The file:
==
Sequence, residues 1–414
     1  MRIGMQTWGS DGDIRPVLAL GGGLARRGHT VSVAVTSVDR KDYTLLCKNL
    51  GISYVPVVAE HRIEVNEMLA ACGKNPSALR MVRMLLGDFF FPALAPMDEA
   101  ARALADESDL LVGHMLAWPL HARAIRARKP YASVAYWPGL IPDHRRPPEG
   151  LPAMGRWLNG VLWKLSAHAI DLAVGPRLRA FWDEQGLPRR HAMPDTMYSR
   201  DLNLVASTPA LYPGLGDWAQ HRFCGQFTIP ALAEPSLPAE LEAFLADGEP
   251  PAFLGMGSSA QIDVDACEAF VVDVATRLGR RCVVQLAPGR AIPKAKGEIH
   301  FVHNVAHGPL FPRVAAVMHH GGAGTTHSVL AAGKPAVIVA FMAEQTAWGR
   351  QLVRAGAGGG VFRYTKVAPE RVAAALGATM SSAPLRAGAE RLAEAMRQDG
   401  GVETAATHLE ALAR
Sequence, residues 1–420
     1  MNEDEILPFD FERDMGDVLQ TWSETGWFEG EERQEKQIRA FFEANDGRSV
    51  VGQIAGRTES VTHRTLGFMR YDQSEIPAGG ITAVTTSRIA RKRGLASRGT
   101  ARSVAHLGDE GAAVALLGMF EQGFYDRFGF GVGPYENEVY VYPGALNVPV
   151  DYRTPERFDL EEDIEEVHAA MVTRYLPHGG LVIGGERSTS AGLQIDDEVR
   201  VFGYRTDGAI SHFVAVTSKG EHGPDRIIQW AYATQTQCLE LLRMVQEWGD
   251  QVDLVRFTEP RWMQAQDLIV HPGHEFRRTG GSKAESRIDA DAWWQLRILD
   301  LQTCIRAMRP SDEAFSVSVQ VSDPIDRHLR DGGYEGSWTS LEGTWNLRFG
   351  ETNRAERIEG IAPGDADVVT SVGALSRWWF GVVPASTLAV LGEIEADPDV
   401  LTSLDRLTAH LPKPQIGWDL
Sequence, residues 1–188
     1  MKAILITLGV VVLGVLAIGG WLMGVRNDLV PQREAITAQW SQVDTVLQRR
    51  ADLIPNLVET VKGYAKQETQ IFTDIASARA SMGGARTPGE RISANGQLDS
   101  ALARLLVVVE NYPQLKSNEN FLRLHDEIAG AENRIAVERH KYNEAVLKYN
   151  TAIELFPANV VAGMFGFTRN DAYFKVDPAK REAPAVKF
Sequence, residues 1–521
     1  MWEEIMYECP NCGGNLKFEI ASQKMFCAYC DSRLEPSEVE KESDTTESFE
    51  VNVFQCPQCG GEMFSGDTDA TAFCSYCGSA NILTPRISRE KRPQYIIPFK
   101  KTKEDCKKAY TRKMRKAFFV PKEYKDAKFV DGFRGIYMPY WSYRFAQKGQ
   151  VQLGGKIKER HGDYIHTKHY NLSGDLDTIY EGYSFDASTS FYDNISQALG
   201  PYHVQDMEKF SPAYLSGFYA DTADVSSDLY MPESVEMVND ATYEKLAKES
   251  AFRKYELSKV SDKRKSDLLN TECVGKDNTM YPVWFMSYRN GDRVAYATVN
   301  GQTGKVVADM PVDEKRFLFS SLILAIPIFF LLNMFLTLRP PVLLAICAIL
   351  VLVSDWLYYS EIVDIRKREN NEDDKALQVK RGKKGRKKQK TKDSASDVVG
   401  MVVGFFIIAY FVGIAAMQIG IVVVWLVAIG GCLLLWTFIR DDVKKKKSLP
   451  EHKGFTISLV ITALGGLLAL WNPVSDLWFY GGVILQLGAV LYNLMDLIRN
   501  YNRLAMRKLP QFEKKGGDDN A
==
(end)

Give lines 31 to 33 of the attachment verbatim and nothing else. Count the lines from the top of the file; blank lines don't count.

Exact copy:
   201  PYHVQDMEKF SPAYLSGFYA DTADVSSDLY MPESVEMVND ATYEKLAKES
   251  AFRKYELSKV SDKRKSDLLN TECVGKDNTM YPVWFMSYRN GDRVAYATVN
   301  GQTGKVVADM PVDEKRFLFS SLILAIPIFF LLNMFLTLRP PVLLAICAIL